“Don’t walk in front of me… I may not follow
Don’t walk behind me… I may not lead
Walk beside me… just be my friend”
― Albert Camus
Since lock-down or ‘knock-down’ as I like to call it, I’ve succumbed to the reading club.
I have just completed the reading of ‘Motion of the body through space’ by Lionel Shriver, which in my haloed opinion is the most depressive book that I’ve had the displeasure to read…in like forever (you can tell that this wasn’t my pick). What’s even more disappointing is that this book is less titillating than a book I actually possess, entitled simply ‘Duck’ by Victoria de Rijke; chronicling all facts duck (don’t ask).
Why the torture? Not for inclusivitiy as some of you might think, but the said reading club comprises some of my closest friends. Hence, imagine my surprise that this study has found that wider social networks are more beneficial in MS than close-knit ones, particularly when it comes to physical function. This is a problem, especially, when as adults we tend to cull our useless friends. This is part of growing up.
According to this article those with close-knit social networks reported greater physical impairment.
Is this part of some weird enablement that exists in close-knit groups? Not sure. I believe it may reflect more the exclusionary nature of a physically disabling disorder, such as MS. Ergo, a reverse effect outcome.
“Patients inhabit dynamic networks, which serve as conduits for healthcare information and behaviors, thereby influencing cardiovascular outcomes, cancer prognosis, and overall mortality. Social networks range from small, close-knit cohorts of family and friends, to large clusters of loosely connected acquaintances. The latter groups are less constrained networks that enable the flow of novel information and exposure to different resources. Consequently, they may have a favorable impact on health outcomes in neurological diseases where early symptom recognition and access to new therapies are beneficial.”
The authors noted an inverse relationship between physical function (PROMIS physical T-score) and constraint; which is a measure of the tight-knit structure in a social network (see Figure below). According to the authors ‘social networks’ may in fact be a significant environmental factors in MS.
Definitely, as the authors point out, a longitudinal study is needed to dissect this further. I believe this is where the MS societies have a role to play; set up the meet-ups, the exercise groups and reading clubs. Be inclusive.
Neurology. 2020 Aug 7;10.1212/WNL.0000000000010460. doi: 10.1212/WNL.0000000000010460. Online ahead of print.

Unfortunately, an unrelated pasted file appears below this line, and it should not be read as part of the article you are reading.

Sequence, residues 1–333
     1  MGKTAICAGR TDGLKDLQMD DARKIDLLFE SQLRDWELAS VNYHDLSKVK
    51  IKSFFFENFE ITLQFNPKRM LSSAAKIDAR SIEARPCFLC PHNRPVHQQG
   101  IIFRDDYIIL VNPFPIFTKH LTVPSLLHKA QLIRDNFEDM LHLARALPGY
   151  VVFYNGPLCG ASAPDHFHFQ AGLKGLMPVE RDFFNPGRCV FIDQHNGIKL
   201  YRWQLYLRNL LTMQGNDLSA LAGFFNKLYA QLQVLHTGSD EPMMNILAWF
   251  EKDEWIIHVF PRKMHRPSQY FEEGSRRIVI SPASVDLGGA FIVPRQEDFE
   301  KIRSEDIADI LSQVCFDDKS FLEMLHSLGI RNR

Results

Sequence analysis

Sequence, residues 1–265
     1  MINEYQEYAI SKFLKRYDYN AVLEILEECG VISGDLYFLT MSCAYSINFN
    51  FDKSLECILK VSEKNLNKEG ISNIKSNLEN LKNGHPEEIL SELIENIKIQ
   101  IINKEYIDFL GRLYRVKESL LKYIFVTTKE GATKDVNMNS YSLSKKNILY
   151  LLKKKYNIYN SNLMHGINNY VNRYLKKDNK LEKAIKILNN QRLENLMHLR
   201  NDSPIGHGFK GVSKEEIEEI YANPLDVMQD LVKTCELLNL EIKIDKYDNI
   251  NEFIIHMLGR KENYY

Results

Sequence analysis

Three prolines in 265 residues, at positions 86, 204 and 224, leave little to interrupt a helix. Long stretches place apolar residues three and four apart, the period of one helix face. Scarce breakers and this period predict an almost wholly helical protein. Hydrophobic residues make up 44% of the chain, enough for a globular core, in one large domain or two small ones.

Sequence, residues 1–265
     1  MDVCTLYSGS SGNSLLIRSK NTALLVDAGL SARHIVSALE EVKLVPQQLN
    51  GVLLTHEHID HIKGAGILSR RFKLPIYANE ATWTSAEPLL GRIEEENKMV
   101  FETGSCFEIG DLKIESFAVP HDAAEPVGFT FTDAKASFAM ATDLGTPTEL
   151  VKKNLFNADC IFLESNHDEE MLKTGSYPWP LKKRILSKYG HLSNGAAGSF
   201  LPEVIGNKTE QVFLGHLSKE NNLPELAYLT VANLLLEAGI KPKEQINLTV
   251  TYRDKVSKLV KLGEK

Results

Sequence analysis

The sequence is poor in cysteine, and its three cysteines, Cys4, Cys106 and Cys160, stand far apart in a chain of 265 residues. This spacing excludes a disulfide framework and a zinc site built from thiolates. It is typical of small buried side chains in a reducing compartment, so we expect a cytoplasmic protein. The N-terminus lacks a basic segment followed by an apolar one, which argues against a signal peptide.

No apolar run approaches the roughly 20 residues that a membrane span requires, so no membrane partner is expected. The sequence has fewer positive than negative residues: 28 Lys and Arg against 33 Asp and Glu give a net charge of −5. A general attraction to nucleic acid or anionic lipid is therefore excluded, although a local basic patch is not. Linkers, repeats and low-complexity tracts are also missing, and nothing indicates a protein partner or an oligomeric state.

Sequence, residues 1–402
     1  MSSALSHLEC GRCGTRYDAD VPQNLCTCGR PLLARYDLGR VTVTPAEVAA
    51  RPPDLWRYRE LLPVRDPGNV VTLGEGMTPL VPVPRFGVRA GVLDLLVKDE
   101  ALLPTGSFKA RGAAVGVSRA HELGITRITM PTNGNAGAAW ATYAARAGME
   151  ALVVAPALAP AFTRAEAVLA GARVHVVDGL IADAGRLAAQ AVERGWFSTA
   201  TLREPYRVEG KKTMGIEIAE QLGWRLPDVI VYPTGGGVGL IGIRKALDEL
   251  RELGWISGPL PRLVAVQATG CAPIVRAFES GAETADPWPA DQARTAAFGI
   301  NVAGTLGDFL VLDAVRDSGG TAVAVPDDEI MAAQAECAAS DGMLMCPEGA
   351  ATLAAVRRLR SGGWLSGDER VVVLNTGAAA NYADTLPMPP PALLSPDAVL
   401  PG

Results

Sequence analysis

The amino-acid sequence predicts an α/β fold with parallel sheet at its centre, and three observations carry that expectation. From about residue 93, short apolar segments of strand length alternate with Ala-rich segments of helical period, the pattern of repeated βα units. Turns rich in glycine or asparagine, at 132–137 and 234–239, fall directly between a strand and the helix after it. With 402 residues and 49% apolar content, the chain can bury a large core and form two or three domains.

Association of Social Network Structure and Physical Function in Patients With Multiple Sclerosis
Objective: To test the association between physical function and the social environment in multiple sclerosis (MS), we quantified personal social networks.
Methods: In this cross-sectional study, we analyzed data from two academic MS centers, with center one serving as a discovery group, and center two as the extension group. We performed a meta-analysis of the centers to extend the analysis. We used responses from a questionnaire to map the structure and health habits of participants’ social networks, and the NIH Patient-Reported Outcomes Measurement Information System (PROMIS) physical function scale (0-100, mean 50 for US general population) as the primary outcome. We applied multivariable models to test the association between network metrics and physical function.
Results: The discovery cohort included 263 MS patients: 81% were women, 96% non-Hispanic European, 78% relapsing MS, average age 50 (12.4) years, and mean disease duration 17 (12.3) years. The extension group included 163 patients, who were younger, more racially diverse, less physically disabled, and had shorter disease duration. In the meta-analysis, higher network constraint, a measure of tightly-bound networks, was associated with worse physical function (β=-0.163+0.047, p<0.001), while larger network effective size, a measure of clustered groups in the network, correlated with better physical function (β=0.134+0.046, p=0.003).
Conclusions: Our study highlights personal networks as an important environmental factor associated with physical function in MS. Patients with close-knit networks had worse function than those with more open networks. Longitudinal studies are warranted to evaluate a causal relationship between network structure and physical impairment.